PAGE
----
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Next Mars rover will drill deeper underground than ever before to hunt for life

Drilling in the dee-ee-eep. The ExoMars rover's Earth-dwelling twin shows off its skills.

The Ground Test Model twin of ESA's Rosalind Franklin rover sits on a test bed. The black rectangular unit near the front of the rover contains the deep drilling system.

Thales Alenia Space
This story is part of Welcome to Mars, our series exploring the red planet.

What lies beneath? The European Space Agency's Rosalind Franklin Mars rover could answer this question in depth. ESA has successfully tested out a remarkable drilling system that it hopes to deploy on the red planet. The system will go way, way deeper than any previous rover drill.

The Rosalind Franklin rover will be traveling to the red planet for the ExoMars 2022 mission. It has a doppelganger that'll remain here on Earth and that's used to try out the main rover's technologies, including the drill system.   

"The long-awaited success of the ExoMars drill ... would be a first in Mars exploration," the ESA's director of human and robotic exploration, David Parker, said in a statement Wednesday. 

The deepest drilling on Mars has reached only about 2.8 inches (7 centimeters). ESA's rover is designed to dig in up to 6.5 feet (2 meters), grab a small soil sample and then bring it back up to an onboard laboratory for analysis.

ESA's rover twin, known as the Ground Test Model, had the chance to give its drill a workout in a test bed filled with rocks and soil layers. ESA released a video showing the drill at work. So far, the Ground Test Model has shown it can reach 5.6 feet (1.7 meters) into the ground.

The idea is to reach samples that haven't been bombarded with radiation on the surface. "The reliable acquisition of deep samples is key for ExoMars' main science objective: to investigate the chemical composition -- and possible signs of life -- of soil that has not been subjected to damaging ionizing radiation," said ExoMars project scientist Jorge Vago.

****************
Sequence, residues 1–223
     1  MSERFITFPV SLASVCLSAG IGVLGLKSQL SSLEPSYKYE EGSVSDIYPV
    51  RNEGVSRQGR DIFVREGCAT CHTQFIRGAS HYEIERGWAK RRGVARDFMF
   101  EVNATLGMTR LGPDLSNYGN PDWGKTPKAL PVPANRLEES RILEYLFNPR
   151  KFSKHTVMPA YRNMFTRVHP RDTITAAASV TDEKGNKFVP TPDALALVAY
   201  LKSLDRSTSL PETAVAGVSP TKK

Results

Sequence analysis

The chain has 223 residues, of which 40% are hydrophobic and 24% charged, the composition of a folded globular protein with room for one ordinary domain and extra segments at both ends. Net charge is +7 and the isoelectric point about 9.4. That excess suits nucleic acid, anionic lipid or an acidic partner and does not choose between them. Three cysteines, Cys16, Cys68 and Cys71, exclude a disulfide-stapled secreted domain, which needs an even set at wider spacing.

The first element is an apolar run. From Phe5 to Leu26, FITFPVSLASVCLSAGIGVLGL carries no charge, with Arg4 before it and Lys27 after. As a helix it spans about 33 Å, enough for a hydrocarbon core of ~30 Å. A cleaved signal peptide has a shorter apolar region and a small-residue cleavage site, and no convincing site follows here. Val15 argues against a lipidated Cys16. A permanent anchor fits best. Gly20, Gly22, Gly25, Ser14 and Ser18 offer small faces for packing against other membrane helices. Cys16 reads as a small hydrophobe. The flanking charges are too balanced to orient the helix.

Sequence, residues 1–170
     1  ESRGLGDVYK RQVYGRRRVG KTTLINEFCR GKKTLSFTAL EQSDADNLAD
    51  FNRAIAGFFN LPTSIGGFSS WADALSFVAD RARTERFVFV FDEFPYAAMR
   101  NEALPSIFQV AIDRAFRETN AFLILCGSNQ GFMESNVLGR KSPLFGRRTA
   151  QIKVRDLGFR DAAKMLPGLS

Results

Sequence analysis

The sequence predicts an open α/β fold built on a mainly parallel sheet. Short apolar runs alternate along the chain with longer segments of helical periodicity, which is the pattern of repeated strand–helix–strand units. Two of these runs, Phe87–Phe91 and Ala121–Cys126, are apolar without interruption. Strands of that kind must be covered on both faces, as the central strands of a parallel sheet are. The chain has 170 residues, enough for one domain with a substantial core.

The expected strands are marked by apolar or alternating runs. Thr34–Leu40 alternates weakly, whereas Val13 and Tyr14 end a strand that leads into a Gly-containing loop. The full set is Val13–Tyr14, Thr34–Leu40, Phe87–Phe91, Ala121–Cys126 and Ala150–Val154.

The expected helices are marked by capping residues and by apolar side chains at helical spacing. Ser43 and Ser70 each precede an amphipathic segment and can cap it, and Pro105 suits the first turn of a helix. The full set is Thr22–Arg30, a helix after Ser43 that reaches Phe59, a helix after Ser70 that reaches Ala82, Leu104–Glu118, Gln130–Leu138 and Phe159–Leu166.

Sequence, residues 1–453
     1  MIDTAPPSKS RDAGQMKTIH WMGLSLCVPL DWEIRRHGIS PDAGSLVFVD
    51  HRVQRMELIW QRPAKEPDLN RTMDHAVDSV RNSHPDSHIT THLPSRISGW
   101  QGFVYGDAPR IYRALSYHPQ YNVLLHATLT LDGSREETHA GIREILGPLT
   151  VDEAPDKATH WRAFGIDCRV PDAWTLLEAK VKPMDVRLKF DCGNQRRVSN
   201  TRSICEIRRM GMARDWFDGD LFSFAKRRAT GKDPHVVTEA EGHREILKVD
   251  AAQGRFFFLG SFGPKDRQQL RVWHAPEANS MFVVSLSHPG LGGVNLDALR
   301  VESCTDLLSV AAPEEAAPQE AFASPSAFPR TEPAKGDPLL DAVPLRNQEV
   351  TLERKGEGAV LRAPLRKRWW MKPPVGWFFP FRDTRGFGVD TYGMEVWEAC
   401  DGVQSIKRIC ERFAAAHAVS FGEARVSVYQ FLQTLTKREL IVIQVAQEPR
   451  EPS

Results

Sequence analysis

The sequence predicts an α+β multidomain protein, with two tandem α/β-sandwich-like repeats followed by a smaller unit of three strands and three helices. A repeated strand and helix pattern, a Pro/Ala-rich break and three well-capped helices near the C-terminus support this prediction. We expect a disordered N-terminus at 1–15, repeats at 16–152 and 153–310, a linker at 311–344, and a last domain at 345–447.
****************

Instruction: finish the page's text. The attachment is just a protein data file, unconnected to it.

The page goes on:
ESA's Rosalind Franklin rover Ground Test Model is like a stunt double that remains on Earth. Here's a close look at where its drill meets the ground.

Thales Alenia Space

Drilling on Mars gives us insights into Martian geology and history. NASA's Perseverance rover recently experienced a triumph when it drilled out its first rock core samples on Mars

ExoMars is a joint project of ESA and Russia's Roscosmos space agency. Rosalind Franklin's launch was delayed from 2020 to 2022 in order to work through hardware and software issues and deal with impacts from the COVID-19 pandemic.  

The test rover's drilling exercises are one important step toward preparing the mission to go to Mars. It gives the rover team the opportunity to work out any kinks and to make sure the system functions as intended. 

Mars can be fussy -- as NASA's InSight lander discovered when it unsuccessfully tried to burrow into the ground -- but the ExoMars team will do everything it can to make sure Rosalind's drill is up to the challenge of digging in deeper than ever before.